As my sister and I hauled my trunk, owl and other sundries onto the train, Mother and Father stood back, Mother, no doubt, scrutinizing our progress. I soaked in the sounds of the platform, basking in the joyous chaos of it all. I had been on the platform for less than five minutes and already I’d witnessed much more enthusiasm than I had all summer. Though I generally kept to myself, I couldn’t help but love the thrill of getting shipped back off to school again.
“I hate you,” Lucida muttered to me in a low voice as she helped to haul my trunk into the open compartment. I stifled my snort of laughter at her obvious jealousy and retorted,
“Sucks to be you, doesn’t it?” Also keeping my volume down in case of my mother’s eavesdropping. Lucida pouted, sighing dramatically.
“I can’t believe you’re gonna leave me alone with them for the next year,” She whined, referring to our parents, and more specifically our mother. I couldn’t help but grin at this.
“Because we both know that I’d rather be toasted by a dragon than spend my holidays at the ol’ homestead,” And then I put more seriously, “Why don’t you just move out?” Lucida rolled her eyes, heaving another huge sigh and lowering her voice still,
“If she’d let me out of her clutches, I would. But I don’t much like the idea of being burned off the family tapestry if I ran away.”
I contemplated this for a moment, searching my older sister’s face for reason as to why she that would even matter to her. When the answer didn’t come to me, I prompted,
“Who cares what they think?” Lucida’s pale green eyes darted towards Mother, checking to see if she’d heard me since my tone had gotten louder with my declaration. Then, she cracked a half-smile.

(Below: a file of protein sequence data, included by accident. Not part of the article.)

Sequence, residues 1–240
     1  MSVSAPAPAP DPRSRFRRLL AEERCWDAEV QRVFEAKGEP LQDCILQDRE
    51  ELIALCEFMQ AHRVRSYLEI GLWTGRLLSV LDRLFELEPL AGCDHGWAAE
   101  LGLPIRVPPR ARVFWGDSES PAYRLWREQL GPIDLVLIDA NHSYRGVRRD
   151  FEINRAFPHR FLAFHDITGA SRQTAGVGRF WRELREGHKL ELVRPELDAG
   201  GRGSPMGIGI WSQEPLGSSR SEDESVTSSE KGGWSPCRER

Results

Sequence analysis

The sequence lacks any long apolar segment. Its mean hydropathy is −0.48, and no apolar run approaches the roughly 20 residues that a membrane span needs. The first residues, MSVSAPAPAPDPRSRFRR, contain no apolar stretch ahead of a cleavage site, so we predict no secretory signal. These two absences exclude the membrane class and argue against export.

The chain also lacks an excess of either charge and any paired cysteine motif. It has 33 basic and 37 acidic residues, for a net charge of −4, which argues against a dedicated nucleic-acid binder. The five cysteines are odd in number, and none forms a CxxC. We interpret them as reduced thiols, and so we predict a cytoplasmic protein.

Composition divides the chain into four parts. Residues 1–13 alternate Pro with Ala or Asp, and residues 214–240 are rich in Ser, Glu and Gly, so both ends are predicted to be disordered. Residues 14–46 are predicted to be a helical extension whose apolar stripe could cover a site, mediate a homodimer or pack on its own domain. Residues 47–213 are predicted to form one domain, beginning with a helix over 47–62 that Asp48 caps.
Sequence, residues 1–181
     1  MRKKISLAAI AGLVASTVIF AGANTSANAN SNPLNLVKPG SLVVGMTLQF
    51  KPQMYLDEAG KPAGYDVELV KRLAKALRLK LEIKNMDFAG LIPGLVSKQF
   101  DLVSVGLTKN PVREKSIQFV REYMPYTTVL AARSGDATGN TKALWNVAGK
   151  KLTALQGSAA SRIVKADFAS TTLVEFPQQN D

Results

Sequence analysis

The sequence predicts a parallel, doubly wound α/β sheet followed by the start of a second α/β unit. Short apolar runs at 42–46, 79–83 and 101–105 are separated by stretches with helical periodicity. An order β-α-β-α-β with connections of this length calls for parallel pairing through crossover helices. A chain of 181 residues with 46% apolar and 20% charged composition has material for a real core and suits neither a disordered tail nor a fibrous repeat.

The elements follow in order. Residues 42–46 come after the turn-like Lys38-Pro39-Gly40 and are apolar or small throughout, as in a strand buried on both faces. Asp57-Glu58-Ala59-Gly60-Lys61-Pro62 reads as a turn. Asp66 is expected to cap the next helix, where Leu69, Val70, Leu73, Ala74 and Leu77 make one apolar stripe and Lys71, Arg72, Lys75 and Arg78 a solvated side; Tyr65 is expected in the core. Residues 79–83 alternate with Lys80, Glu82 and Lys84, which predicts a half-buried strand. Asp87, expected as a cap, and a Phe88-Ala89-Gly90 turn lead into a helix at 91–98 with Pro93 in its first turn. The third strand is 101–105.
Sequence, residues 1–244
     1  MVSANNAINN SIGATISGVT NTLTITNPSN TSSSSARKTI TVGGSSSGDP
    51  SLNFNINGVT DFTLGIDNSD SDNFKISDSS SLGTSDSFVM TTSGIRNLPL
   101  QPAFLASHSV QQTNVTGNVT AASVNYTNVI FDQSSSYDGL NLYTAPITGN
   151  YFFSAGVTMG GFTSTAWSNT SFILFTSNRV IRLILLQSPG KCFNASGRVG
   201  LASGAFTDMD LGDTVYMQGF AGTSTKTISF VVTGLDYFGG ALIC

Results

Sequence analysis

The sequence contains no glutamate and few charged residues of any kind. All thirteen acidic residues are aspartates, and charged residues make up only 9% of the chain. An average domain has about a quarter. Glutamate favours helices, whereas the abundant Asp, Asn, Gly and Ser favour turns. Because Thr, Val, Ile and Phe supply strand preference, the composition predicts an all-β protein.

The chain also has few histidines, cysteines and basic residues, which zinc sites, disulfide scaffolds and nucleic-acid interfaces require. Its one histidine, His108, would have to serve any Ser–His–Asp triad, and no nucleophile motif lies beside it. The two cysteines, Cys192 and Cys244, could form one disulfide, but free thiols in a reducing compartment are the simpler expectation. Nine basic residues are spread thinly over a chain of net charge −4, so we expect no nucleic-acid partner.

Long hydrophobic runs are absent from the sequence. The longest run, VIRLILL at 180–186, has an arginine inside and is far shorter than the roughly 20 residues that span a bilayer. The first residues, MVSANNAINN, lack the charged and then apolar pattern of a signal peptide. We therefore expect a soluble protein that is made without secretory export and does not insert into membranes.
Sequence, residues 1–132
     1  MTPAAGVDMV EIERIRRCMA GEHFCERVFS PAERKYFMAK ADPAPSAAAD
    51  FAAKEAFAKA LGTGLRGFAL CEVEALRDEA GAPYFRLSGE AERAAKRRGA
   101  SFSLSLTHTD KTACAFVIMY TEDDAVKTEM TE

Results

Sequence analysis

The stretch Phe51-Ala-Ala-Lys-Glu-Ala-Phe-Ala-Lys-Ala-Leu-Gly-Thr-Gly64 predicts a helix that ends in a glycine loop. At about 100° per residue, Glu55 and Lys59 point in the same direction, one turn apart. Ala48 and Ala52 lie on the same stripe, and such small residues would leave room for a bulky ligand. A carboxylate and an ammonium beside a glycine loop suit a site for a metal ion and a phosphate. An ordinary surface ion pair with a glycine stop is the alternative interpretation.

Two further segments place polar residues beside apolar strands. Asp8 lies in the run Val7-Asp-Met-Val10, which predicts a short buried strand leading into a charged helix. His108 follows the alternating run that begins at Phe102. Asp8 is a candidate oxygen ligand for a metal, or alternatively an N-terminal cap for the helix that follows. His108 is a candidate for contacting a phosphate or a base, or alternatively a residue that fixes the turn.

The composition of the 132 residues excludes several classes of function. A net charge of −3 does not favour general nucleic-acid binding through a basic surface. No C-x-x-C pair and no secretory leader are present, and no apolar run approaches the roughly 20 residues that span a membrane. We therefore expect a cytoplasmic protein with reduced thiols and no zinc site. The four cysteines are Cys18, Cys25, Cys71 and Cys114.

“Because they have to have at least one kid who follows the rules,” She said, nudging me playfully with her shoulder.
“Rules? They’re more of...suggestions. Besides, its much more fun to think outside the box. No tapestries on my walls, damn it,” I proclaimed, sticking my index finger in the air for added effect.
“What about house-elf heads?” Lucida joked, grinning again. I pretended to ponder this for a second before theatrically shaking my head no. Lucida and I dissolved into fits of silent giggles, surely making spectacles of ourselves.
“Alright, enough of you two acting like complete imbeciles.” Yet again, Mother’s sharp tone interrupted my last chance at sisterly bonding with Lucida before I was sent off to school. I looked over to see my mother’s stern gaze in full force directed at the two of us, and more precisely, me. She always assumed that I was the origin for any misconduct. And that was the one thing Mother was ever right about.
“We’re in public, you know.” Came Father’s gruff comment, but only I could catch his playful tone. Though it was an obvious jab at my mother’s attitude, she did not notice or she spurned it. Mother only heard what she wanted to hear.